Pure error 5.21 10 0.5208      
Core total 2327.23 59        
R2 = 0.9957            
Adjusted R2 = 0.9953            
Adequate precision = 199.13            

Sodium chloride (NaCl) is generally accepted as a good additive in the formulation of several food products. This study results indicated that the presence of salt in the cured-meat samples enhanced the reduction of PAs content. This outcome agreed with the study of Roseiro et al. (2017b) who observed a decrease in biogenic amine concentrations after the addition of NaCl to dry-cured tuna. Reduction of biogenic amines and PAs post-NaCl addition was also demonstrated in response to its antibacterial properties (Naila et al., 2010). NaCl is an efficient additive because it inhibits the growth of microorganisms, enhances the flavor, and has impacts on enzymatic, water activity, and the texture of animal tissues (Roseiro et al., 2017a). Although the recent policies of regulatory organizations like the WHO recommend decreasing NaCl level in food formulations because of its relationship with cardiovascular disorders and blood hypertension, it is better to optimize its level than completely removing it (Erdogan et al., 2018). Laranjo et al. (2017) found increased content of biogenic amines when the NaCl addition was reduced by 50% in dry-cured sausage formulation, which was directly influenced by the release of decarboxylase enzymes from bacteria.

Sodium nitrite is another additive playing an important role as a curing agent. It speeds up meat curing and preserves the cured meat from being spoiled by bacteria like Clostridium botulinum which causes botulism (Alizadeh et al., 2020). Reducing effects of sodium nitrite on PAs were observed in this study. Our results matched the outcomes of Gençcelep et al. (2007) who demonstrated that nitrite inhibits the growth of amine-producing bacteria and hence reduced amines. Jastrzębska et al. (2016) added several additives into fresh white and red meat to evaluate their effects on some biogenic amines like PUT, SPD, SPM, and cadaverine. They reported that sodium nitrite and sodium chloride caused a reduction of biogenic amines formation by inhibiting amine-forming bacterial activities. Moreover, the inhibitory effect of sodium nitrite was determined stronger than sodium chloride, especially in poultry meat. It should be stressed that a steep slope in the perturbation graph and a greater coefficient of B term in the equation in this study outcomes are similar to the one reported in Jastrzębska et al.’s (2016) findings. Besides, Paulsen and Bauer (2007) studied the effects of nitrite and sodium chloride on SPD and SPM contents in pork meat and observed a significant reduction of PAs after the addition of nitrite that confirms our findings.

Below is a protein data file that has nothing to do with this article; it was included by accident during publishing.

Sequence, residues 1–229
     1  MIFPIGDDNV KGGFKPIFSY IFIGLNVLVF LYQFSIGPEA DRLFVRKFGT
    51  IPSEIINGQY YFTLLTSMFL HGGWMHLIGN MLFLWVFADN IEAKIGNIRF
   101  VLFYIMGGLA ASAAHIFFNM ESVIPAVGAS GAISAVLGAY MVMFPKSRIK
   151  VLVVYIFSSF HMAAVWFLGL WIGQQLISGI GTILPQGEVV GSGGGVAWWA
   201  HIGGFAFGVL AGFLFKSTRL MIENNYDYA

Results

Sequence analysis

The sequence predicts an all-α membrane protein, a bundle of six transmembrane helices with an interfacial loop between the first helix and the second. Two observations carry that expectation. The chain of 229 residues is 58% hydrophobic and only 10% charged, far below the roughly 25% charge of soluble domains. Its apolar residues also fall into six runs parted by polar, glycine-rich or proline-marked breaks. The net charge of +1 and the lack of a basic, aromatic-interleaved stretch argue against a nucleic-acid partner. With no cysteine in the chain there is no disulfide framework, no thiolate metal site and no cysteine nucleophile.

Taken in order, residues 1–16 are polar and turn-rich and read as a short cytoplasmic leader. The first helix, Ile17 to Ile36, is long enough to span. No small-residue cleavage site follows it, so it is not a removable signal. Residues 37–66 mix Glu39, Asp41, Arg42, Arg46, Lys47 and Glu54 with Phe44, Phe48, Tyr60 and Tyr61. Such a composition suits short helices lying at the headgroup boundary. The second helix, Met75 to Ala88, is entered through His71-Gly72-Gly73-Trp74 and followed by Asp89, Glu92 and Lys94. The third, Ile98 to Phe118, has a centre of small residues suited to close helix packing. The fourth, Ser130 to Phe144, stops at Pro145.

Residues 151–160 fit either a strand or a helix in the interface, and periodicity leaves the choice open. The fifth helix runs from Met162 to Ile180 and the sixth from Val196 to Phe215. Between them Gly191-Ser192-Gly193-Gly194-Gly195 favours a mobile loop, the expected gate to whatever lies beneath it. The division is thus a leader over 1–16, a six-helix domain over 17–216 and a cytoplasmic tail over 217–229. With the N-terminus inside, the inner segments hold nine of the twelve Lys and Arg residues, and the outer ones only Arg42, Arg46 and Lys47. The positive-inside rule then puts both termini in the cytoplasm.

Another important curing agent is sodium polyphosphate. Its beneficial properties include prolongation of shelf life, this aids in retaining the color and flavor, increasing water holding capacity, halting lipid oxidation and microbial load, and improves texture stability, especially in combination with other curing additives like NaCl (Kilic et al., 2018). Though data about the effects of polyphosphate on meat quality are widespread, studies on its effects on biogenic amines and PAs are rare. Bozkurt and Erkmen (2002) reported a decline in biogenic amines after adding phosphates with some other additives like nitrite, nitrate, a-tocopherol, ascorbic acid, and potassium sorbate to sausage, which was similar to the current study findings. Ascorbic acid is another common additive using in cured meat production as it has antioxidant effects and can also influence the color of the final product (Perlo et al., 2018). But in this study, its influence in the reduction of PUT and SPM contents was minimal.